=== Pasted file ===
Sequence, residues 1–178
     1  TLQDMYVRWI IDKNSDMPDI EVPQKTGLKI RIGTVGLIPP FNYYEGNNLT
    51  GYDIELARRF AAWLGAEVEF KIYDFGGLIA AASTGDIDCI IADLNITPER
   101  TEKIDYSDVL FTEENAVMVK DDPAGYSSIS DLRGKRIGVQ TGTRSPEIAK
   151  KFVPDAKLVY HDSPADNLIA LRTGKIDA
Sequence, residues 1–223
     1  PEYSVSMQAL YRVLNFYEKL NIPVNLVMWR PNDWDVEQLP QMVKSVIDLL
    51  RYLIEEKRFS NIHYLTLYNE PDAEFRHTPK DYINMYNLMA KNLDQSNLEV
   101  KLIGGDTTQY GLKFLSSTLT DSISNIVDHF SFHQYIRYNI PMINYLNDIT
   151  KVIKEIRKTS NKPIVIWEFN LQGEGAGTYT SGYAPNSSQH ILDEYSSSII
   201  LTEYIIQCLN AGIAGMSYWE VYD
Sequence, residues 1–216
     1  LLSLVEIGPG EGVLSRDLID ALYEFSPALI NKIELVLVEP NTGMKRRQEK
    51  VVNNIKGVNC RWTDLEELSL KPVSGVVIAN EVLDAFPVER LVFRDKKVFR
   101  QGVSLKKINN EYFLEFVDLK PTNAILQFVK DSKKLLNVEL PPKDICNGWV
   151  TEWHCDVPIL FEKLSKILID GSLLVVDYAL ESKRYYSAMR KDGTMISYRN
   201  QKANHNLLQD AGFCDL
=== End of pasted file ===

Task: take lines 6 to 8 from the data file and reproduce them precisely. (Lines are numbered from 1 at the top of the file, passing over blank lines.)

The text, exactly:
Sequence, residues 1–223
     1  PEYSVSMQAL YRVLNFYEKL NIPVNLVMWR PNDWDVEQLP QMVKSVIDLL
    51  RYLIEEKRFS NIHYLTLYNE PDAEFRHTPK DYINMYNLMA KNLDQSNLEV